Feb 02-Apr 03, 2015
Credit: 3 graduate
Tuition & Fees: $835.50 NSTA members receive a discount.
Instructor(s): Eric Brunsell and Jason Marcks
Course DescriptionIs there ice on Mercury? Why isn't Pluto a planet? As viewed by the modern astronomer, the Solar System includes more than 100 diverse worlds interacting as a dynamic system. This online course for K-12 in-service teachers focuses on fundamental questions driving NASA's exploration of the Solar System: How did it form? What's in it? How is it arranged? What does the study of other worlds (planets, moons, asteroids, and comets) teach us about our own? How do we learn about other worlds? How are these worlds similar and different? How do they interact, forming mini-systems within the Solar System? What are their surfaces, atmospheres, and interiors like, and how do we know? By taking advantage of NASA's virtual presence in the Solar System, course participants will learn about the "new" Solar System and how to engage their students in the wonder of exploration.
Meeting Place and Times
This course is taught online. Course participants login and participate at a time of day that is convenient for them. It is recommended that participants login at least 4 to 5 times per week and plan on spending 13 to 16 hours per week for the 9 weeks the course is in session to successfully complete this course. The time estimate above includes both the time teachers will spend online participating in group discussions and such, and the time spent offline working on assignments, projects, and other activities.
Instructor(s)Eric Brunsell, EdD. Intercollege Programs for Science Education, Montana State University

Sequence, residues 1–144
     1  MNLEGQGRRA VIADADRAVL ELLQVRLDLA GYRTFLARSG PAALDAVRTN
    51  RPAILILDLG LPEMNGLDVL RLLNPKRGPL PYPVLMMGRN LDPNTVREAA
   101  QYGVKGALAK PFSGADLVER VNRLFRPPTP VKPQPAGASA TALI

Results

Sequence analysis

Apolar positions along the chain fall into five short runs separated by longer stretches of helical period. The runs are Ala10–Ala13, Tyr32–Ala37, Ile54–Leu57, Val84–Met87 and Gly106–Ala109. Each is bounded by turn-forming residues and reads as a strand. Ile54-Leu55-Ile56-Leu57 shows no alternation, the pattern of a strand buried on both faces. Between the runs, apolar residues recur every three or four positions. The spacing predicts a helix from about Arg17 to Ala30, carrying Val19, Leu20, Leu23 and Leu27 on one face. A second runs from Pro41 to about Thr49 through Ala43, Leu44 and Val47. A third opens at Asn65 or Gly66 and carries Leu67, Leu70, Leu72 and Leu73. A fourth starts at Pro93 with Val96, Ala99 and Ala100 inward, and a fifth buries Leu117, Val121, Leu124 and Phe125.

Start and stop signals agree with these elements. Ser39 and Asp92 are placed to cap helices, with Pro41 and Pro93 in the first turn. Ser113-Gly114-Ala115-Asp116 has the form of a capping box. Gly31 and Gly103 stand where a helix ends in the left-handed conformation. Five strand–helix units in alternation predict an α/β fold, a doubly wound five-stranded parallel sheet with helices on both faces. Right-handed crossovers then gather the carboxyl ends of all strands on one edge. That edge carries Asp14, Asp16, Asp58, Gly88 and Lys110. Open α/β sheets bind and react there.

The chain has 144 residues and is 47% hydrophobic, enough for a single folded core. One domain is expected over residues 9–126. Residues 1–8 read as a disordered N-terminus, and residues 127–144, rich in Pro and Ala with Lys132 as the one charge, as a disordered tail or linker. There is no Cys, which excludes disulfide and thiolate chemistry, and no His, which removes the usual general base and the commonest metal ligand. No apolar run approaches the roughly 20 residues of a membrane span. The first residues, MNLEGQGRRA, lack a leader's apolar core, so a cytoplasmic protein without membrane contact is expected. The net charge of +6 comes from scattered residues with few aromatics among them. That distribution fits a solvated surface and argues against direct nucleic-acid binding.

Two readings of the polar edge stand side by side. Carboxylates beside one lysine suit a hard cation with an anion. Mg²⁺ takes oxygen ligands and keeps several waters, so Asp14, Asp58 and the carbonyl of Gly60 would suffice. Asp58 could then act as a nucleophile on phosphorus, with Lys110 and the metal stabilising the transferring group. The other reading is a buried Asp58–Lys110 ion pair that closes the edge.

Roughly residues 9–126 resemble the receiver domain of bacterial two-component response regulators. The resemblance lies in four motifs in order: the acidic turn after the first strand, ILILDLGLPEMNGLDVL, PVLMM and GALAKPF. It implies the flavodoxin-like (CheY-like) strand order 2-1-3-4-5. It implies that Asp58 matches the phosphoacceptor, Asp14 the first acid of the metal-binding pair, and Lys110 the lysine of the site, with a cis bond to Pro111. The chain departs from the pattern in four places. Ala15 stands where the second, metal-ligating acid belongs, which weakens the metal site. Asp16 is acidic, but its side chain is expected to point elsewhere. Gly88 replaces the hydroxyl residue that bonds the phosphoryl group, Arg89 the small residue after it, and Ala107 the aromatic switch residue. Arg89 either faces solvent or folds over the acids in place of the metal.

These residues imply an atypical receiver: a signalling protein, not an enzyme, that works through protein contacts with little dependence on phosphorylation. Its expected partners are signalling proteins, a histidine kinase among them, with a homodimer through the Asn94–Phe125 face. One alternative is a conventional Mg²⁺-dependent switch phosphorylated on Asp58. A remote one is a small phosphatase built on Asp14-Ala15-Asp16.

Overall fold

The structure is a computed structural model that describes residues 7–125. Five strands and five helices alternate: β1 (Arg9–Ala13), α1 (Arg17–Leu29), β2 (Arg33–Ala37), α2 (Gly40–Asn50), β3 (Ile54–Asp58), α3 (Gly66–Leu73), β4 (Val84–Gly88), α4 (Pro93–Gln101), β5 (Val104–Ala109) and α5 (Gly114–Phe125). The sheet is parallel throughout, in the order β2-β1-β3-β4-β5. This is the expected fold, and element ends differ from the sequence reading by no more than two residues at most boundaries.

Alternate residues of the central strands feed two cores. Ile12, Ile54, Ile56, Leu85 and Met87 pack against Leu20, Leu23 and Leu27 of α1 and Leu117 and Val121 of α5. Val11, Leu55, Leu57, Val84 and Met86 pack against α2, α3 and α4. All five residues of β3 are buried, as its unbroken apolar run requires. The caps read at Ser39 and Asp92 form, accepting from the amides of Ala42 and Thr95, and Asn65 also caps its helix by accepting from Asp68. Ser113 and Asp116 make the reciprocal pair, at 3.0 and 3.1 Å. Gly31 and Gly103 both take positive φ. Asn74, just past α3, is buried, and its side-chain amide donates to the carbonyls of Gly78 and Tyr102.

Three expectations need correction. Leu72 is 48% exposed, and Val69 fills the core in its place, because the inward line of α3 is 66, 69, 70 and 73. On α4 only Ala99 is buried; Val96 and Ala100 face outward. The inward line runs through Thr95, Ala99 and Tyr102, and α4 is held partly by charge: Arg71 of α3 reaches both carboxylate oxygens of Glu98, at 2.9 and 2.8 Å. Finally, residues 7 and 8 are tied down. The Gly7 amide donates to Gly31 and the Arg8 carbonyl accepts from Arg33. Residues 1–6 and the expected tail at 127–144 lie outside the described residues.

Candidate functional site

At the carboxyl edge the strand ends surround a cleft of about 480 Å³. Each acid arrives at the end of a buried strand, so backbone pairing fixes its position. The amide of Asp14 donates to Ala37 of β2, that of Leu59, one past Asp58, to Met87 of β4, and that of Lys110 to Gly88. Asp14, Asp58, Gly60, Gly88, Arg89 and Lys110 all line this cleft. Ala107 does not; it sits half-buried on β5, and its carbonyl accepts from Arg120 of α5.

Jason Marcks, MS, MAS, ATP. Aerospace Consultant, Marcks Aerospace. Jason is a former high school Earth and space science teacher, He has a MS in Geoscience and a Masters of Aeronautical Science (MAS) in space launch management. He has served as the professional development director and lead instructor for the Wisconsin Initiative for Math, Science and Technology Education program, the Nevada Science of Aerospace Project, and the Oklahoma Science, Technology, and Education Program. Mr. Marcks is also an Airline Transport Pilot (ATP) and instructor pilot for Air Wisconsin Airlines Corporation.
PrerequisitesBachelor's degree, professional teaching certificate, and at least one year of K-12 teaching experience. Because the use of technology is integral to the course, some familiarity with using technology in the classroom is required.
Target AudienceK-12 science teachers with at least one year of teaching experience and some familiarity with using technology in the classroom.
Time Commitment:13-16 hours per week. If you are unfamiliar with this field of study and/or method of delivery, you may require more time.
Tuition and Fees
Participants are on your own to purchase the required text. See information below.
A $30 registration fee is also charged once per semester.
The costs above assume that you are taking only MSU Extended University courses during the semester that the course is offered. If you also registered for courses through the MSU Registrar, the regular MSU fee structure may apply.
A $40 late fee will be assessed if payment is not posted to your account by 3 pm (Mountain Time) of the course start date (or the business day before if the course starts on a weekend or a holiday).
To learn more about tuition and fees, please see the University Business Services' Student Accounts Web page.
Teacher/participants are responsible for purchasing the required text for the course on their own before the course begins.
This course uses a learning management system. You will learn more closer to the course start date.
For More Information
For specific questions about the course content, contact Dr. Eric Brunsell at firstname.lastname@example.org, or for questions about registration and other administrative details, call NTEN at (800) 282-6062.
How to RegisterRegister Online